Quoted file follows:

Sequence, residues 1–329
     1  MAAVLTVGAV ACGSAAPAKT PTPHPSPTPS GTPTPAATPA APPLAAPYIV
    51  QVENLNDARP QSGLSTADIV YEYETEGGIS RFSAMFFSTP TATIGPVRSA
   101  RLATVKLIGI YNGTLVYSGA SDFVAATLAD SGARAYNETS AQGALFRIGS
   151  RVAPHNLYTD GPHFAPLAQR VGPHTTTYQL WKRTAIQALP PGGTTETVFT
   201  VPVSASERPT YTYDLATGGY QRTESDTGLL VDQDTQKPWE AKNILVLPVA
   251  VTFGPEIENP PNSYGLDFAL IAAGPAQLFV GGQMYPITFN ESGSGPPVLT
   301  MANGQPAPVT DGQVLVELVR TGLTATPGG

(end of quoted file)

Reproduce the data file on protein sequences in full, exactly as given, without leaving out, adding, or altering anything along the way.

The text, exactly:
Sequence, residues 1–329
     1  MAAVLTVGAV ACGSAAPAKT PTPHPSPTPS GTPTPAATPA APPLAAPYIV
    51  QVENLNDARP QSGLSTADIV YEYETEGGIS RFSAMFFSTP TATIGPVRSA
   101  RLATVKLIGI YNGTLVYSGA SDFVAATLAD SGARAYNETS AQGALFRIGS
   151  RVAPHNLYTD GPHFAPLAQR VGPHTTTYQL WKRTAIQALP PGGTTETVFT
   201  VPVSASERPT YTYDLATGGY QRTESDTGLL VDQDTQKPWE AKNILVLPVA
   251  VTFGPEIENP PNSYGLDFAL IAAGPAQLFV GGQMYPITFN ESGSGPPVLT
   301  MANGQPAPVT DGQVLVELVR TGLTATPGG